My father has ALS (Lou Gehrig's disease). He is totally paralyzed and works with his eyes only. He uses a SW called "eyetech" fir years. He writes and even draw Photoshop drawings with his eyes only! see:
This is especially elegant because it enables direct communication to another person. How does the "writer" indicate end of word breaks? Is it a rapid blink of the eye or some darting glance away? I suppose a similar approach could be used on a virtual keyboard to look at and trigger the individual keys.
Eye-gazing technology has been around for some time in various labs but failed to break into the mainstream. I believe niche applications are where we will see this technology deployed. It's simply not practical for wider use.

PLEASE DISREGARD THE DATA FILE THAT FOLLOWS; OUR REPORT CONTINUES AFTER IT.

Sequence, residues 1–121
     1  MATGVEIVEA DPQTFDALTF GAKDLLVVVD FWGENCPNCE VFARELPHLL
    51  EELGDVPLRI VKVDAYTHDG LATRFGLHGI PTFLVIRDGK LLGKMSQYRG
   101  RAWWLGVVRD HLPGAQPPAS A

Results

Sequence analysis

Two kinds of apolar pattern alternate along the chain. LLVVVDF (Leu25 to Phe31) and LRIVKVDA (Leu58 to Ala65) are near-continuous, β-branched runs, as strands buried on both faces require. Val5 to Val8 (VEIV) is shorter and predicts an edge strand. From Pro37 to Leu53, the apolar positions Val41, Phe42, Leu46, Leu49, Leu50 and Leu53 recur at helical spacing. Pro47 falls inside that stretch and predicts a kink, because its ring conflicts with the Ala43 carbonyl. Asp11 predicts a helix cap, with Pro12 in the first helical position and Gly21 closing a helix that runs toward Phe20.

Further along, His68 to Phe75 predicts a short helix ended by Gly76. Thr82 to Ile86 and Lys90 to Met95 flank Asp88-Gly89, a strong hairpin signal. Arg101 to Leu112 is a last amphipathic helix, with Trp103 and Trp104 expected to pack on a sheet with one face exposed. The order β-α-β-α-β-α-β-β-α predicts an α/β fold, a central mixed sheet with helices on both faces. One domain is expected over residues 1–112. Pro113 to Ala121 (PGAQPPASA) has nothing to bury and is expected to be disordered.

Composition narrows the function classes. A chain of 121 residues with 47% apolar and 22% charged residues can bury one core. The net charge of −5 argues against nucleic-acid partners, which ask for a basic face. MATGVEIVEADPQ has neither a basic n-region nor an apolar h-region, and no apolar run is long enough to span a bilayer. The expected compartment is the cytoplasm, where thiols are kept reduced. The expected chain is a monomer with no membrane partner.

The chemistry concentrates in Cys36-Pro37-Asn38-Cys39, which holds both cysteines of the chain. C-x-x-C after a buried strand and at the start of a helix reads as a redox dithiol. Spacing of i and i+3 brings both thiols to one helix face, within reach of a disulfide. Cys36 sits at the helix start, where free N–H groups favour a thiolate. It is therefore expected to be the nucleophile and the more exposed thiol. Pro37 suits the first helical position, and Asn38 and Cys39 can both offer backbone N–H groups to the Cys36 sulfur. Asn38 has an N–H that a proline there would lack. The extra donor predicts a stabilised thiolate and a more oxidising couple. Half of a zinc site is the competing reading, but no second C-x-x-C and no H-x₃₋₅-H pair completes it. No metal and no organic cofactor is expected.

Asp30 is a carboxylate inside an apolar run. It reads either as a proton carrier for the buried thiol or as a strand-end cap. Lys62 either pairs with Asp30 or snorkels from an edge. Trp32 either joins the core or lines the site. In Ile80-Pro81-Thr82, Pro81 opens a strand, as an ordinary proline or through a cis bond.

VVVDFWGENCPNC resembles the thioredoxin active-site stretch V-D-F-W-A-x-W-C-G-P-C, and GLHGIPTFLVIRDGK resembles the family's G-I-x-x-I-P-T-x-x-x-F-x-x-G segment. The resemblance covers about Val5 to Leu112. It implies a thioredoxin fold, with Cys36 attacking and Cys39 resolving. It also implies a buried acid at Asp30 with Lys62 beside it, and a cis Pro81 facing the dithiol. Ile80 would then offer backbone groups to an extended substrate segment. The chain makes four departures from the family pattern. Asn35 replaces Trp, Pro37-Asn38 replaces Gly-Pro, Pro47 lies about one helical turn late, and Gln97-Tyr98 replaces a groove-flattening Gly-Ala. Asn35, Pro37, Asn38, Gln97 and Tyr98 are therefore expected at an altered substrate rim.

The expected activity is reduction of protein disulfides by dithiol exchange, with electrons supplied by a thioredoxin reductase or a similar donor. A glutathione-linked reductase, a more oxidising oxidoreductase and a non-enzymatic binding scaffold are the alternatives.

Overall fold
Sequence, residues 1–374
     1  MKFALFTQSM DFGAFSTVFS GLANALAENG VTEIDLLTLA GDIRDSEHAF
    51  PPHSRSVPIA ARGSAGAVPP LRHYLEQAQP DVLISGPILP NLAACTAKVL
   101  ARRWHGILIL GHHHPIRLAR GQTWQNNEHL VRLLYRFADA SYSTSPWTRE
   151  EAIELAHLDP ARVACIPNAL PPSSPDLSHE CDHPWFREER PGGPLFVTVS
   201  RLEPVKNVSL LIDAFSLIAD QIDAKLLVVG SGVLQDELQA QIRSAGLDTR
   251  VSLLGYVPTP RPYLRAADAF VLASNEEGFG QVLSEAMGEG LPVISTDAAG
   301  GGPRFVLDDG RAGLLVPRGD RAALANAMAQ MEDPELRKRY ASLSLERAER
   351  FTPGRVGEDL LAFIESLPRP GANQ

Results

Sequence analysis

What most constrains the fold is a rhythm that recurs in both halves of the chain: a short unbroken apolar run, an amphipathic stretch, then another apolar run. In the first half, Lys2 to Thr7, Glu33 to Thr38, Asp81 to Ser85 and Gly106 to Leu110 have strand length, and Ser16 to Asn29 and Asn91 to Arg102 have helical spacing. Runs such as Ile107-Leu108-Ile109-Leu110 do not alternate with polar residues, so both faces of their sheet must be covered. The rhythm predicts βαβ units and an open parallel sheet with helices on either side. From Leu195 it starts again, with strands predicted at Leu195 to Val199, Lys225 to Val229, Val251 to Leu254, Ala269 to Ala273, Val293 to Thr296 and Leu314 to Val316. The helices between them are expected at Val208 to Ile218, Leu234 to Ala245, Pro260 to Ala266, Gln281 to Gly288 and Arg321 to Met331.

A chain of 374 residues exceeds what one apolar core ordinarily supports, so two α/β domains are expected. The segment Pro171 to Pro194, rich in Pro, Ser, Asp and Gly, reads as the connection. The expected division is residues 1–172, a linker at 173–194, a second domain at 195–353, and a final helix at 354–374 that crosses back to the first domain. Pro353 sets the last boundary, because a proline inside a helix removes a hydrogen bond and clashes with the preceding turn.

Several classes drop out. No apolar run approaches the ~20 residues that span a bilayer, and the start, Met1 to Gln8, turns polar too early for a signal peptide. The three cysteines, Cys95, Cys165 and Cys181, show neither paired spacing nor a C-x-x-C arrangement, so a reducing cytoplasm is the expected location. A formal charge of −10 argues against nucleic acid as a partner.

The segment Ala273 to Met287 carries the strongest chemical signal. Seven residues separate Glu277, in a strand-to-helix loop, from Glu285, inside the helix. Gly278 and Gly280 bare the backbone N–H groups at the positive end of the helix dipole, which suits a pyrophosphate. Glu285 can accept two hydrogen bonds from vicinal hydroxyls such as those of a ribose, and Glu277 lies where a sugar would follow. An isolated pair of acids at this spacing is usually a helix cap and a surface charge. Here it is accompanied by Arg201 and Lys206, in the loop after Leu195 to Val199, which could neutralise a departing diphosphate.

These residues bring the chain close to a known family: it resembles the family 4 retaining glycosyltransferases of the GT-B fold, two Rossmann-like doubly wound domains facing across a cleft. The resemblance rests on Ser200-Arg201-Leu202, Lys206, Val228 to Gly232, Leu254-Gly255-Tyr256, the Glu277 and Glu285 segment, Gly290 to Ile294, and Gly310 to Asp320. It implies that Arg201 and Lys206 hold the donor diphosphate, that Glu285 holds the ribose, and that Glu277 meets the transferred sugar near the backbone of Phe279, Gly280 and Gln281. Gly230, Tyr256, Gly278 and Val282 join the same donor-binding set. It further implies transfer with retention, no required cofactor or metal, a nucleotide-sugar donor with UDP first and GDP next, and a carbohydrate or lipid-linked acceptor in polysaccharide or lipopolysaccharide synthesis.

Why are the light circles needed? just for training the users?
This is very interesting. I think this can become an app for mobile phones and become a new way of controlling or a new form of HMI.
At least if not controlling, if the computing device is aware of where the user's eye is looking at, perhaps the interaction can further be speed up and made more agile. This is something that can become widespread.
Blog Doing Math in FPGAs Tom Burke 2 comments For a recent project, I explored doing "real" (that is, non-integer) math on a Spartan 3 FPGA. FPGAs, by their nature, do integer math. That is, there's no floating-point ...